Does a generalised binding deficit account for the visual-verbal association deficit seen in developmental dyslexia?
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Ker, Shona E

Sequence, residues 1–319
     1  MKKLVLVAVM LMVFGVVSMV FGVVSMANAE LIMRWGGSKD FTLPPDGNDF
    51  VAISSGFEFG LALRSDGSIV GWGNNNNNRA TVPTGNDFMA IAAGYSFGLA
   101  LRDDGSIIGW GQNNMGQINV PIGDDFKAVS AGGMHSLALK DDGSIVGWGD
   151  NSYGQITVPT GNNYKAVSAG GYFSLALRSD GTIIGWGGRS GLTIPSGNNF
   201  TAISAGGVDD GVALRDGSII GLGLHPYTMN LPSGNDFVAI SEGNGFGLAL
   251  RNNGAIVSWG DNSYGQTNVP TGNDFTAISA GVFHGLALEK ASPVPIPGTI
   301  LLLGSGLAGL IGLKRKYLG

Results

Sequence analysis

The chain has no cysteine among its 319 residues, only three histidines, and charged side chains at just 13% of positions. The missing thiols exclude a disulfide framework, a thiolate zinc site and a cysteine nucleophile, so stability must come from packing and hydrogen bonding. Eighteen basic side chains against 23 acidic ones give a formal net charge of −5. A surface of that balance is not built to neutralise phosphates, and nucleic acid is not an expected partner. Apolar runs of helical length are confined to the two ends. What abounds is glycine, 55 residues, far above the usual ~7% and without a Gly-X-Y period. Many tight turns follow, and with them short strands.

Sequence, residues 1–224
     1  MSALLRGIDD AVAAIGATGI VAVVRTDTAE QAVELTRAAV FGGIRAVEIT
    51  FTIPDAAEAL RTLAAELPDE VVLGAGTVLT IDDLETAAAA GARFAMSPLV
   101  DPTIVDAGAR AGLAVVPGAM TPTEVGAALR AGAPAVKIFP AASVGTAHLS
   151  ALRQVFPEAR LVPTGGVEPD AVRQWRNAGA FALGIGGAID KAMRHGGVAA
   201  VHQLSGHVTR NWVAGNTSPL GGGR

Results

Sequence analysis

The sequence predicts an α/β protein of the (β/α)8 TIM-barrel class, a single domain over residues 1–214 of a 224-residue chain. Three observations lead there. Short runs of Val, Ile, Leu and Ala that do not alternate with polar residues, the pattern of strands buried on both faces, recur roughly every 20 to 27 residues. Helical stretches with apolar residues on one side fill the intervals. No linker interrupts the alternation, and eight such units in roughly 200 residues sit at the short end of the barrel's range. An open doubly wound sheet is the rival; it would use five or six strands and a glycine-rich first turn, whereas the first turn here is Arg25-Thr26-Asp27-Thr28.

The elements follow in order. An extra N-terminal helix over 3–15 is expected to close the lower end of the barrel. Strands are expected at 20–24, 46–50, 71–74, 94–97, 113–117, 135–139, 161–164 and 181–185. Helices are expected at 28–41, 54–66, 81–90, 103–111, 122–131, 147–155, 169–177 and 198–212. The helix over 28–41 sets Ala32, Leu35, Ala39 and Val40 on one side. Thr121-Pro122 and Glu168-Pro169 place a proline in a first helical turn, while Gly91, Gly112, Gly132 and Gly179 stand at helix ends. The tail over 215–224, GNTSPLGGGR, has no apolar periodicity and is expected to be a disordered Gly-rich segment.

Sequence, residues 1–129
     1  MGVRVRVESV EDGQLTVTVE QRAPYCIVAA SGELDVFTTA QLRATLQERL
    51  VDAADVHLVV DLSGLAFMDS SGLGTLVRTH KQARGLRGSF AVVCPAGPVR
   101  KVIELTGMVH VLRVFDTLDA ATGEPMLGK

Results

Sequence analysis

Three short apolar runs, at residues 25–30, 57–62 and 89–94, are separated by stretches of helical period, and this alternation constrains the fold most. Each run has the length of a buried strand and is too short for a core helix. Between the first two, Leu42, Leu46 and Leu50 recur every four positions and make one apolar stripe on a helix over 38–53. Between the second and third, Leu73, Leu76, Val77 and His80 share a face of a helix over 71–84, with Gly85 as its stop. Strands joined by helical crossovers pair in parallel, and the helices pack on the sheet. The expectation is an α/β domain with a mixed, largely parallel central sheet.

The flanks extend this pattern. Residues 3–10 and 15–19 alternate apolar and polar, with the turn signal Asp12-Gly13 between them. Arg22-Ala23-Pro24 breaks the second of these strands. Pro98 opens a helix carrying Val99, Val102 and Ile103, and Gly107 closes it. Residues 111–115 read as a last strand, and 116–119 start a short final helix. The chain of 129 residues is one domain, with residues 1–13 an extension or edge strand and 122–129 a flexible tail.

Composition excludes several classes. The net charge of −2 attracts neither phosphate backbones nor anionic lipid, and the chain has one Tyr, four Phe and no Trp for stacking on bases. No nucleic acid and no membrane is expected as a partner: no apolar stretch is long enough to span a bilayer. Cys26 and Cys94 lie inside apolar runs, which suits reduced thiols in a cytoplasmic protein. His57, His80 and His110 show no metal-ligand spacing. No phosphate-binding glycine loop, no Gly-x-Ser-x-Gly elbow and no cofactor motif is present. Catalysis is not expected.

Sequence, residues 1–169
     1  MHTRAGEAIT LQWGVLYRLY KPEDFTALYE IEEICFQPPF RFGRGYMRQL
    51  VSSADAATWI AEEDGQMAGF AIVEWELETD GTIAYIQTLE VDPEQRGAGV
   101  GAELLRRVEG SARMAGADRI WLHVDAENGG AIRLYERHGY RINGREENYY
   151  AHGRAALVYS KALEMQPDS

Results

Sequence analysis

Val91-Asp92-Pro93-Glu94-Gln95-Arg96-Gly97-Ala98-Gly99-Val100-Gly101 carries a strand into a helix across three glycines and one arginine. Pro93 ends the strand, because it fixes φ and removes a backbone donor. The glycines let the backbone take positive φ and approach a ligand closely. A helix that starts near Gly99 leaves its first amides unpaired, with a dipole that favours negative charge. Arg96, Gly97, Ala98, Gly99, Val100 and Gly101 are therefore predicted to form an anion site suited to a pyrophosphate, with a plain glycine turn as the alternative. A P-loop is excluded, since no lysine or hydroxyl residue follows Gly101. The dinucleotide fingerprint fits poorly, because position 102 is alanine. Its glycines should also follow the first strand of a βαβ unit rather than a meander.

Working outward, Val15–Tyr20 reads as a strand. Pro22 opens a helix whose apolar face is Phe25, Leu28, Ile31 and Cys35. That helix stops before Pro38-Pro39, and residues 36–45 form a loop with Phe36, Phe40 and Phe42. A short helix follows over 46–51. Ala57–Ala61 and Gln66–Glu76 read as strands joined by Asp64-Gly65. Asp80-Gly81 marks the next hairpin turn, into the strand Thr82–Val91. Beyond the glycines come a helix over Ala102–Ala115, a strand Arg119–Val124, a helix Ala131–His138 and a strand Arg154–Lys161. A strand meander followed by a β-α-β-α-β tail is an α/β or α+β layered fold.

Developmental dyslexia is defined as a problem with the decoding of the written word despite adequate intelligence, education, and socioeconomic status. It is characterised by a difficulty in making letter-sound (visual-verbal) associations, a process crucial when learning to read (e.g., Hulme, Goetz, Gooch, Adams, & Snowling, 2007). To further our understanding of this visual-verbal association deficit, we investigated the ability of dyslexic readers to bind information in the visual working memory to determine if a generalised binding deficit could account for the visual-verbal deficit. We carried out two experiments, a change-detection and a cue-recall task, on 16 high-functioning dyslexic participants and 16 age- and IQ-matched control participants to access their ability to bind features. We hypothesised that dyslexic participants would perform less well when binding features in their visual working memory, compared to controls. Results demonstrated that dyslexic readers had no difficulty in binding features in their visual working memory and were actually quite good at it. We concluded that a generalised binding deficit did not account for the visual-verbal association deficit seen in developmental dyslexia. We discussed these findings with reference to coping strategies and possible alternative explanations for the deficit.